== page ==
TUESDAY, Aug. 19 (HealthDay News) -- A mathematical model to find blood biomarkers that can help doctors estimate the size of cancer tumors has been developed by researchers at Stanford University.
The team says its work may help guide development of new tests to improve early detection of cancer. Currently, there's no reliable method of using the results of blood-screening tests to gauge tumor size.
The Stanford researchers developed their mathematical model using two common blood biomarkers: prostate specific antigen (PSA), which is often elevated in prostate cancer, and CA125, used as a marker for follow-up therapy in ovarian cancer patients.
Using this model, the researchers found that the minimum tumor sizes predicted by their calculations were close to what was actually seen in clinical practice.
"We're pretty happy that we came up with rather realistic tumor sizes. Although this is a very basic model, it should give researchers a tool to use when deciding if a particular secreted protein would be a good biomarker," radiologist Dr. Amelie Lutz said in a Stanford news release.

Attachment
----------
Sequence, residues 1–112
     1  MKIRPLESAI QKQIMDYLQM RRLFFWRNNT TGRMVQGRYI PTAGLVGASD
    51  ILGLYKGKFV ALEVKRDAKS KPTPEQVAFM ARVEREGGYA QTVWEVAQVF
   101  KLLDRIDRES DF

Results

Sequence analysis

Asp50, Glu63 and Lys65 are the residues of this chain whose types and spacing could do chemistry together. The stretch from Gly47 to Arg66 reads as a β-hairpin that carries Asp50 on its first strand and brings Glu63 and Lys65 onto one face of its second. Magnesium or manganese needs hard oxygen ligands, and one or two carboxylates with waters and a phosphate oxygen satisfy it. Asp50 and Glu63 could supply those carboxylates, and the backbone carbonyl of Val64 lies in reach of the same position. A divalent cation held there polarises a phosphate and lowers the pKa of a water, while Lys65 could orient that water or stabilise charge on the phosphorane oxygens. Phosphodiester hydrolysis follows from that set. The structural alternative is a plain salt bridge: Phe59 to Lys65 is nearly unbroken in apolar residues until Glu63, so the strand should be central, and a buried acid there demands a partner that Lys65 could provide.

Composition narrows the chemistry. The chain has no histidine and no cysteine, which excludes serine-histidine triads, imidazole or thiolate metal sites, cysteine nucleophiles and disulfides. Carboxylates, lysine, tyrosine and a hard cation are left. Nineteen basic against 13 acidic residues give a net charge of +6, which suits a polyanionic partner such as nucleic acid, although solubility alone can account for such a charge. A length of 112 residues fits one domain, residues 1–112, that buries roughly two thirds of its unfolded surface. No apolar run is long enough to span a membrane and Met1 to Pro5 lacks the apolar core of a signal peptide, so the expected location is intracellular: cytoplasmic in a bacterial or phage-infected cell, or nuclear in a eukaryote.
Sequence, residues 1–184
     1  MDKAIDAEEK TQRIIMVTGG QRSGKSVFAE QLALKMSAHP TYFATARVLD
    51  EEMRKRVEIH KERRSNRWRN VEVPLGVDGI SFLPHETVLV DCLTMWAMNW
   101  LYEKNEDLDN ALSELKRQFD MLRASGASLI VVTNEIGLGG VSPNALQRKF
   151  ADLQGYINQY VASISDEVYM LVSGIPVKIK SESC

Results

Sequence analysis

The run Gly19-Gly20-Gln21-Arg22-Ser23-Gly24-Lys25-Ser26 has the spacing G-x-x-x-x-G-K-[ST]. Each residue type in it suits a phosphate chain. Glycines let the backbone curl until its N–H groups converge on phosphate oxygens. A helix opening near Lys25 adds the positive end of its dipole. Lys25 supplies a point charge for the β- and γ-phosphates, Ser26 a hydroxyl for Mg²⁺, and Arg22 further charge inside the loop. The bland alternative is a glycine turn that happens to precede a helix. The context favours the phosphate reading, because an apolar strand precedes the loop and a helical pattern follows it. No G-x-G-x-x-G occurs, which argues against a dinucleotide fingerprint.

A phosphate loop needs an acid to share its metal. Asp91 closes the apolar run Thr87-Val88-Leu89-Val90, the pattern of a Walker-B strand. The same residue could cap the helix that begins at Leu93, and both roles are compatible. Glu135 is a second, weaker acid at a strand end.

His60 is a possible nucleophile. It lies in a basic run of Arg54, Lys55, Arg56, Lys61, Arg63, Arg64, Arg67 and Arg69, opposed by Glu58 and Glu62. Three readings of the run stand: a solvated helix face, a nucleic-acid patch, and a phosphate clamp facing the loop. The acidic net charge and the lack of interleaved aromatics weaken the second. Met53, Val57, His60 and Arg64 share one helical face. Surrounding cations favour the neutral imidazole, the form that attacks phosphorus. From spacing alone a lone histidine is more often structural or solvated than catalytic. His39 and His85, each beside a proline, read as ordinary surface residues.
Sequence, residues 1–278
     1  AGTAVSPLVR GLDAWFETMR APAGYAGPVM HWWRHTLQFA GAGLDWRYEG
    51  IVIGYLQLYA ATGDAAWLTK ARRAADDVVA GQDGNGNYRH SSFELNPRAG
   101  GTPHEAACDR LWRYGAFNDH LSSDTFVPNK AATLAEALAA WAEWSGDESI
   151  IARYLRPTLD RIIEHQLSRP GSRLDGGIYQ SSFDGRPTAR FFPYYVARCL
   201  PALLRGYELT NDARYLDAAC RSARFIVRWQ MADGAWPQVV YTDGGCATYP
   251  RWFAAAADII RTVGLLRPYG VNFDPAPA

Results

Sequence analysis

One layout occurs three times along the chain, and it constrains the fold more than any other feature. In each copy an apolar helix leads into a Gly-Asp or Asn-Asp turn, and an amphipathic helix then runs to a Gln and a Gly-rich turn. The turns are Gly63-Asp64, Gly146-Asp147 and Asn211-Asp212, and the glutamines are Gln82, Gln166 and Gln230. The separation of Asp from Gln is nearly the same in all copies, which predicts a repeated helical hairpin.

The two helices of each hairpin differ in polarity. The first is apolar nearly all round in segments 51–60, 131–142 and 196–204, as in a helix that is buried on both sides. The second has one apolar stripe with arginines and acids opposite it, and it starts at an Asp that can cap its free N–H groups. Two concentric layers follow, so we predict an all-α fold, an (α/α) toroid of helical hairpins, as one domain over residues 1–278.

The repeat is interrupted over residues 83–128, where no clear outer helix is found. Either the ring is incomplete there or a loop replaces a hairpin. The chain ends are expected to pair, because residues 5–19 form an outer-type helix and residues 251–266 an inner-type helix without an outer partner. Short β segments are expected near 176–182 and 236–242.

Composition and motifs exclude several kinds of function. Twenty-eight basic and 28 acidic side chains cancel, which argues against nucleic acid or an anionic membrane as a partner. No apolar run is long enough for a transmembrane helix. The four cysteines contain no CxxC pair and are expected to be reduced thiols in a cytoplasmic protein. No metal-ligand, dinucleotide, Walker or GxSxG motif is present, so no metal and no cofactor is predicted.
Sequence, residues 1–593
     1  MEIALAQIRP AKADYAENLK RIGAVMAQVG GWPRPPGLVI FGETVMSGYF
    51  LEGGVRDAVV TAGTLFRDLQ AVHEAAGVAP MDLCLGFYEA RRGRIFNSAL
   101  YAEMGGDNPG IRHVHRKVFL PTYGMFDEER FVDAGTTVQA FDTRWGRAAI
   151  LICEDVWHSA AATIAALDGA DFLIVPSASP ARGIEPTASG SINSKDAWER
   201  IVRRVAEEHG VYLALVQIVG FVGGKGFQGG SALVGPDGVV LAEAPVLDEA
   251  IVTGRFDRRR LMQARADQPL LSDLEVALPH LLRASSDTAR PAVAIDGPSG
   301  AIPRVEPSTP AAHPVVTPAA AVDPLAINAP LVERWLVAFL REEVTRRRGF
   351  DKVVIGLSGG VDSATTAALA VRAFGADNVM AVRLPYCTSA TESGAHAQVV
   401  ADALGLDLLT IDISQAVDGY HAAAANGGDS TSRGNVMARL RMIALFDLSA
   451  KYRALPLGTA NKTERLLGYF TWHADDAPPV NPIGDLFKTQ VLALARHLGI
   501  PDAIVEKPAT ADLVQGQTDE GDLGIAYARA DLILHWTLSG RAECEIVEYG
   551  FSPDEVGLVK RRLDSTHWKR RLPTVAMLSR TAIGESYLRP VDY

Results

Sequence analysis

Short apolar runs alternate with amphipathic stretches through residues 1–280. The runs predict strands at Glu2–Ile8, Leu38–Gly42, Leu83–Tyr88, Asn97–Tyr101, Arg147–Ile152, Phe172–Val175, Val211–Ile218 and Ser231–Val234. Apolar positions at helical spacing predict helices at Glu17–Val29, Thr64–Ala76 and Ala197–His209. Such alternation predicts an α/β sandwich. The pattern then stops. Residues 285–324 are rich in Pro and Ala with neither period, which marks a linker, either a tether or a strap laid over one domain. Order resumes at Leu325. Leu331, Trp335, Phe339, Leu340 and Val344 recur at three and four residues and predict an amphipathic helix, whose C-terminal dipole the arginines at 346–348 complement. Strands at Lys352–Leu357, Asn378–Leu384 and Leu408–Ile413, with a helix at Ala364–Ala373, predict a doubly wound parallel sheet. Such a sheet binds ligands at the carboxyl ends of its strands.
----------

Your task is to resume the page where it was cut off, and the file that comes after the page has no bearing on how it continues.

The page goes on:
"Early cancer detection is a very challenging but important goal for the cancer field. This modeling work enables a very deep understanding of the problems that will have to be solved for blood-based cancer biomarkers to be successful in this effort," study senior author Dr. Sanjiv Sam Gambhir, a professor of radiology, said in the news release.
The study was published in the Aug. 18 issue of the journal PLoS Medicine.
The American Academy of Family Physicians has more about early detection of cancer.
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